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Board approves animal control ordinance changes to align with county regulations

By: Joshua Gordon | Shelby - Utica News | Published June 25, 2018

SHELBY TOWNSHIP — The Shelby Township Board of Trustees recently approved an amendment to the township’s animal control ordinance to make it more in line with Macomb County’s similar ordinance.

The changes to the ordinance were brought up first at the June 5 meeting and unanimously approved to be published at the June 19 meeting. The amendment comes in the wake of an issue in April where Shelby Township police removed more than 20 dogs from a home.

“We have been working with the Macomb County Animal Control to gather ideas on how to shore up our township ordinance regarding certain animals,” Supervisor Richard Stathakis said. “So we are asked to consider an amendment to our ordinances.”

On April 13, Shelby Township police and Macomb County Animal Control arrived at a home on Woodbridge Drive and found 23 dogs that were not being adequately or appropriately cared for, according to police.

Police said the owner was trying to breed the dogs, as the dogs spent a lot of time in cages and were not being walked or groomed while living in poor sanitary conditions. The dogs were taken in by the Macomb County Animal Shelter.

Township Attorney Robert Huth said that from time to time there are issues brought in front of the board regarding animals, and he has found that the township’s regulations don’t match well with the county’s.

“Our regulations do not mirror what the county’s regulations are, so it makes it more difficult to enforce some issues we have had here in the township,” Huth said. “(The county’s) resources, expertise and equipment is much more in tune with what is needed in these situations than what our department has.”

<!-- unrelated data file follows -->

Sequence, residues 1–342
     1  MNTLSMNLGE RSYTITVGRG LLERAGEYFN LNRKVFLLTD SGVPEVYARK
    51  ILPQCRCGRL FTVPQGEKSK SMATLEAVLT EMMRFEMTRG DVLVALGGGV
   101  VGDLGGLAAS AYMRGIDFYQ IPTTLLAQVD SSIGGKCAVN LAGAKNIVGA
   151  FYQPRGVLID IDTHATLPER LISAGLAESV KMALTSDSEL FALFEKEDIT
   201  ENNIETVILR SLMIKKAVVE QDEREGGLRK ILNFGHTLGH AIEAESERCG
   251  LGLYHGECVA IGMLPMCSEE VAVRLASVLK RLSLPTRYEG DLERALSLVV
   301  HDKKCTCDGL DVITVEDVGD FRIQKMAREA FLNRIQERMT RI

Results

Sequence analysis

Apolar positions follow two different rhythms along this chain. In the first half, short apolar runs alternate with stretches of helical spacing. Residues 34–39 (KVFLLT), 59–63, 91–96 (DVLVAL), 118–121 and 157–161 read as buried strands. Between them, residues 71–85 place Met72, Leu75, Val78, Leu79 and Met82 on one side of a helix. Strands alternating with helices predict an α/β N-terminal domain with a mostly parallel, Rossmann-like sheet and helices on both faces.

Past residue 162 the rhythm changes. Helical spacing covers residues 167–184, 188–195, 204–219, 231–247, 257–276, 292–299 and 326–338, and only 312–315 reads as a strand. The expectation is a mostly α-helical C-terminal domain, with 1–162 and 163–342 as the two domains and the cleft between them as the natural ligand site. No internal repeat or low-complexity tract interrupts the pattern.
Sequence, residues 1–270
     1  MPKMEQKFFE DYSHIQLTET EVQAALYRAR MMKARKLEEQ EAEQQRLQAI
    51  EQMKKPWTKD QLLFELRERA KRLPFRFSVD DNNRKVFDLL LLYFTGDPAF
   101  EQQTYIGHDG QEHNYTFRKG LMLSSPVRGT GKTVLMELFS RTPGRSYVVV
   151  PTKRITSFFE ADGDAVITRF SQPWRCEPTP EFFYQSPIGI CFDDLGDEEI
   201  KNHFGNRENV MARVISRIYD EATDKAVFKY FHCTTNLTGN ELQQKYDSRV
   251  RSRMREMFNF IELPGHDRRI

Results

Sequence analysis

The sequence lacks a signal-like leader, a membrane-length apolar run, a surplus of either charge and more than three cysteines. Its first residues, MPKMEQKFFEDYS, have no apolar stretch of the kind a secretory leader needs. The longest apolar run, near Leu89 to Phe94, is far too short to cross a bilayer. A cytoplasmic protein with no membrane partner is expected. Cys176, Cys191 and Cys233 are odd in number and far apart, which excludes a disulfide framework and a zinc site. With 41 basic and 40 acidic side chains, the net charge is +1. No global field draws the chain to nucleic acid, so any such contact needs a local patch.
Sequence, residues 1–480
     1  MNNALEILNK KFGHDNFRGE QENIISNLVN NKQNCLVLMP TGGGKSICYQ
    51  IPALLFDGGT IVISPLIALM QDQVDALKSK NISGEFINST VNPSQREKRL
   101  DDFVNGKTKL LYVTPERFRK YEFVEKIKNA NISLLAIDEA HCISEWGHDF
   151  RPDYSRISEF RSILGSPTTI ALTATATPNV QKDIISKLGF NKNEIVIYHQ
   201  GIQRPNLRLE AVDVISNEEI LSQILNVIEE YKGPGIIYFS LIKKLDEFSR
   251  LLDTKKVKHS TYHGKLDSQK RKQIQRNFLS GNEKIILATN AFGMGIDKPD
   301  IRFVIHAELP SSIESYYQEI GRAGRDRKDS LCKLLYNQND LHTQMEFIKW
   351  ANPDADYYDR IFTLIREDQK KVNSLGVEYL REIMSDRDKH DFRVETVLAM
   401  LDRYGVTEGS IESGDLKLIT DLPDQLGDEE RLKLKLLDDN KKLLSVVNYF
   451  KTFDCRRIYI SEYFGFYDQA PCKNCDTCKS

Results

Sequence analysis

The first big change outlines how many dogs or cats there can be living on one property. The amendment allows residents to own up to three dogs or three cats at a time, excluding times when there may be the birth of puppies or kittens.

If a resident wants more than that, they would have to appeal to the Zoning Board of Appeals and meet criteria set forth by the ordinance. The ZBA would have the final say on authorizing a resident to have more than the allotted three animals.

The ordinance also outlines details on living conditions, such as not being left outside without shelter; defines ownership; and changes details on dangerous animals.

A year ago, the board adopted an ordinance aimed at enforcing dangerous animal situations, giving law enforcement more options when encountering an animal deemed to be “vicious.”

The amendments further clarify the definition of a dangerous animal beyond just attacking a person or another animal, including adding language about a dangerous animal also being one trained to fight, one that attacks on private or public property, and one that is afflicted with rabies.

With the ordinance changes in place, Huth said the hope is that they help improve enforcement going forward.

“We have changed the definition so it is clear to what is treated as a vicious animal in our township,” Huth said. “With these changes, they mirror the county regulation and hopefully solve some issues that have popped up here in the township.”